The Data Notebook is an online suite of open interactive resources that provides instructional materials for introductory data analytics and data visualization approaches relevant to a wide range of subjects and disciplines. Specifically, this book focuses on principles related to data storytelling, and provides tangible research steps and include case studies, mini-lessons, and interactive instructional components.
This text is an amalgamation of original and open content adapted for a novice audience. The co-authors adapted materials and structured them around the FLOAT Method framework, that they co-developed. As the book approached completion, informal use of the content (as a PDF) continued in courses during spring 2021. The content was then further adapted, edited, and published at the end of the semester.The open text is published on the Pressbooks EDU platform, which allows for embedded multimedia and interactive elements, such as quizzes, enabled by H5P integration.
About the Authors
Kenton Rambsy, PhD (Co-Author & Editor)
Kenton Rambsy is an Assistant Professor of African American literature at the University of Texas at Arlington. His areas of research include 20th and 21st century African American short fiction, Hip Hop, and book history. Kenton is a 2018 recipient of the Woodrow Wilson Career Enhancement Fellowship and author of two digital books #TheJayZMixtape and Lost in the City: An Exploration of Edward P. Jones’s Short Fiction (2019). His on-going Digital Humanities projects use datasets to illuminate the significance of recurring trends and thematic shifts as it relates black writers and rappers.
Peace Ossom-Williamson, MLS, MS, AHIP (Co-Author)
Peace Ossom-Williamson is the Associate Director of the National Center for Data Services of the Network of the National Library of Medicine. She also teaches in the undergraduate public health program at The University of Texas at Arlington (UTA). She has experience with technical and public services and research and scholarly communication support including data management planning, finding open educational resources, choosing where to publish, and answering copyright questions. Peace is passionate about public health and data services, and she is an active researcher and educator, receiving the 2019 Medical Library Association (MLA) Presidential Award, the 2020 Texas Woman’s University Hallmark Award, and the 2020 Eliot Award by MLA for most impactful publication of the year.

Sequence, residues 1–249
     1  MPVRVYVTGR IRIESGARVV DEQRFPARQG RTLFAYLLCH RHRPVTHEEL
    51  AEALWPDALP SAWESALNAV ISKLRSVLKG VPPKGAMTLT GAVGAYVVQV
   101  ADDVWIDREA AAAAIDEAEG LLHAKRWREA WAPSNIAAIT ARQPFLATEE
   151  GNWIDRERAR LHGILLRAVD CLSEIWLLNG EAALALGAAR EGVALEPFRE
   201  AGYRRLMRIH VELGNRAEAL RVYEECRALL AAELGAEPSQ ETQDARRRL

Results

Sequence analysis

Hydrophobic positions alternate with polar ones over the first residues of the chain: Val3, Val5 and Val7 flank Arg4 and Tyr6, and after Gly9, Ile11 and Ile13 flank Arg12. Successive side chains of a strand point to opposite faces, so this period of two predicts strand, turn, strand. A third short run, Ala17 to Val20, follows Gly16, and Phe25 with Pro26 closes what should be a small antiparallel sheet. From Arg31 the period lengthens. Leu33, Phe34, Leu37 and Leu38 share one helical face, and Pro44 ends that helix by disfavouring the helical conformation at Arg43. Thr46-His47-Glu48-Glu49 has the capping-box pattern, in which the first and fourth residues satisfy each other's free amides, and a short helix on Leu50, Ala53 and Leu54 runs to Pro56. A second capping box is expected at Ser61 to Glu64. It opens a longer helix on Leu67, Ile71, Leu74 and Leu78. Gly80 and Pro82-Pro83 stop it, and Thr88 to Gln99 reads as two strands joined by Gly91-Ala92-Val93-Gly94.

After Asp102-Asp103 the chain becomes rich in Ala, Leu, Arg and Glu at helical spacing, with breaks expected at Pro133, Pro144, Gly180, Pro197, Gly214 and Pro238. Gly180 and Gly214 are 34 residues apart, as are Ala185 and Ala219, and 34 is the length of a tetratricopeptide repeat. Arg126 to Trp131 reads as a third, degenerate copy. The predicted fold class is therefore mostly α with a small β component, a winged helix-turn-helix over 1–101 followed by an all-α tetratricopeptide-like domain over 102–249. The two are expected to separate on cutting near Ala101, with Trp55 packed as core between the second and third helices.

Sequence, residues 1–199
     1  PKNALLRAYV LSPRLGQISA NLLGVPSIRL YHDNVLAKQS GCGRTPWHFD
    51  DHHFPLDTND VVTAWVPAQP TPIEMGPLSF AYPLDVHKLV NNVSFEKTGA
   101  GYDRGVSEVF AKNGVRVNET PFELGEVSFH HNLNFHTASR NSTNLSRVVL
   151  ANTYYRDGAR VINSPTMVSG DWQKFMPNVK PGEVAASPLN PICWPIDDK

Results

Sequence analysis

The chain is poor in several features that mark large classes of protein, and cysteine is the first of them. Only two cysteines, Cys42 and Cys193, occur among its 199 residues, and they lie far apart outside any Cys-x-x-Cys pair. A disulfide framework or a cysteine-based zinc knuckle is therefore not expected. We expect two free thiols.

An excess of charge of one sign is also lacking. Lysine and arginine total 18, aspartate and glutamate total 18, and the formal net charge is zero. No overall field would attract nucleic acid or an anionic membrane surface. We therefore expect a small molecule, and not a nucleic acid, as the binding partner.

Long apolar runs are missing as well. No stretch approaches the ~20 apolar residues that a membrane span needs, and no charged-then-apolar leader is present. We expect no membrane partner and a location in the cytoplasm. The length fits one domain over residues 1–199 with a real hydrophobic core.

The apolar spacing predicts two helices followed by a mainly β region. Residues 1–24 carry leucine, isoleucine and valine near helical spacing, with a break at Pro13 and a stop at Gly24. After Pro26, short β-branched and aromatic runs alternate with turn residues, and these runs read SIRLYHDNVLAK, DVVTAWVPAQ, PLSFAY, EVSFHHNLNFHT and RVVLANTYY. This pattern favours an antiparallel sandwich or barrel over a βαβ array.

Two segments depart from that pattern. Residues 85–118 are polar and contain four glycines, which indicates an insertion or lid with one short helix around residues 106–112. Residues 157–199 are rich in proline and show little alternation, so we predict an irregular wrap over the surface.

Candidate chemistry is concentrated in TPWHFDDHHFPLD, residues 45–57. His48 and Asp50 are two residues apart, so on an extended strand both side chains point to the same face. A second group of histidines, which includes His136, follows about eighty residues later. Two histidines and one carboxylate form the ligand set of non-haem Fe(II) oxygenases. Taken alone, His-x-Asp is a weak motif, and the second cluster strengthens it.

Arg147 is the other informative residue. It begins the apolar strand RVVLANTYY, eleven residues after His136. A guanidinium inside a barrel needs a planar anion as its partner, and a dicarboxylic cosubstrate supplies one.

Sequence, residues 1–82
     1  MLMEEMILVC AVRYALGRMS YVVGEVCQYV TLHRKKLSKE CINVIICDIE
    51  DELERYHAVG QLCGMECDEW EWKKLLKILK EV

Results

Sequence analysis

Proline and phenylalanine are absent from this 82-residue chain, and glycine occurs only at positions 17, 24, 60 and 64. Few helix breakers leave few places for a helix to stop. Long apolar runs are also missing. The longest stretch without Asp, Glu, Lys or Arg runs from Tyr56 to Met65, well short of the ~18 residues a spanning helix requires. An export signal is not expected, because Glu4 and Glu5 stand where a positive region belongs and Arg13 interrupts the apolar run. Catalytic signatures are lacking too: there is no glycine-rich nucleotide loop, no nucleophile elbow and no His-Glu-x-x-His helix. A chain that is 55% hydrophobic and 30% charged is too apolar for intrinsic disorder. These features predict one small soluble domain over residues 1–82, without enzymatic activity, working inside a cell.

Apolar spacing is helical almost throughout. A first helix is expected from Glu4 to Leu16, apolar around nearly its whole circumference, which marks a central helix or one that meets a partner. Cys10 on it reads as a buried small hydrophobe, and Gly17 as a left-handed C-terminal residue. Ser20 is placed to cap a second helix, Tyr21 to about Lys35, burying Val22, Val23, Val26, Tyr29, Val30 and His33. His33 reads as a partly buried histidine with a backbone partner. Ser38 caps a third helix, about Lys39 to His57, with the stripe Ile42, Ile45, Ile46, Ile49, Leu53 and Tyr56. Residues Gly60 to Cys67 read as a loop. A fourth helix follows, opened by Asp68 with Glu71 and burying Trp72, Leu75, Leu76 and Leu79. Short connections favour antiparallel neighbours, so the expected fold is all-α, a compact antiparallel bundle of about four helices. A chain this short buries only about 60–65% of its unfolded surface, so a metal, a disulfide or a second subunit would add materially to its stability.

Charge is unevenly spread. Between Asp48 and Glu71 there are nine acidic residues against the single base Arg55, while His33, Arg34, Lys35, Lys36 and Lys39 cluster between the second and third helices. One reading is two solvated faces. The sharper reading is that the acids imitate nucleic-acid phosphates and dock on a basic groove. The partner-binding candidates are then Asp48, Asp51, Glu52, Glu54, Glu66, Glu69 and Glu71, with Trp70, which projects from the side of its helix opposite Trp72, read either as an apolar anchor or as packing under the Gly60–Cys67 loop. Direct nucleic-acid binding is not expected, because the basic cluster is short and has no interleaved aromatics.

Lindsey Dixon (Undergraduate, Assistant Editor, “Part 3: FLOAT Case Studies”)
Lindsey Dixon is a senior Political Science major and Mellon Mays fellow at Howard University. Her research interests include United States history, intersectionality, and digital humanities. Currently, her research focuses on collecting and digitizing documents from the post-Reconstruction Era to analyze patterns and data on how lynching has impacted Black women in America.
John Merritt (Undergraduate, Assistant Editor, “Part 4: Digital Tools Explained”)
John Merritt is a fourth year English major and Mellon Mays fellow at Howard University. His research interests include contemporary African American fiction, postmodernism, and the digital humanities. Currently, he is interested in using Twitter data to develop reader-response based analyses of Black blockbuster movies. His senior thesis examines the function of the sewer as a setting throughout African American fiction.
Nathan Alexander Moore (Graduate Content & Copy Editor)
Nathan Alexander Moore (she/they) is a Black genderfluid transfemme writer and scholar interested in critical and creative methods to explore the nuances of Blackness, queerness, and temporality – usually through the lens of Black speculative arts. Currently, she is a PhD candidate at the University of Texas at Austin in the department of African and African Diaspora Studies.